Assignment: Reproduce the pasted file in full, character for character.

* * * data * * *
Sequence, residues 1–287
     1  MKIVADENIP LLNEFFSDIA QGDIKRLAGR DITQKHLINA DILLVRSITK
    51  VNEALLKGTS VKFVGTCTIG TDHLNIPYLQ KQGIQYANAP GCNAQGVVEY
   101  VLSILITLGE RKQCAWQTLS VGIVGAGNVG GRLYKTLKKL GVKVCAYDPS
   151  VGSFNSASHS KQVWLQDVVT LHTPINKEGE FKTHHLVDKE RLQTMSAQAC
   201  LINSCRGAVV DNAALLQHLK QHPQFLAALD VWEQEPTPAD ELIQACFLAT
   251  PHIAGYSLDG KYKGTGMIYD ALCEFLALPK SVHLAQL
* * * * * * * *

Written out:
Sequence, residues 1–287
     1  MKIVADENIP LLNEFFSDIA QGDIKRLAGR DITQKHLINA DILLVRSITK
    51  VNEALLKGTS VKFVGTCTIG TDHLNIPYLQ KQGIQYANAP GCNAQGVVEY
   101  VLSILITLGE RKQCAWQTLS VGIVGAGNVG GRLYKTLKKL GVKVCAYDPS
   151  VGSFNSASHS KQVWLQDVVT LHTPINKEGE FKTHHLVDKE RLQTMSAQAC
   201  LINSCRGAVV DNAALLQHLK QHPQFLAALD VWEQEPTPAD ELIQACFLAT
   251  PHIAGYSLDG KYKGTGMIYD ALCEFLALPK SVHLAQL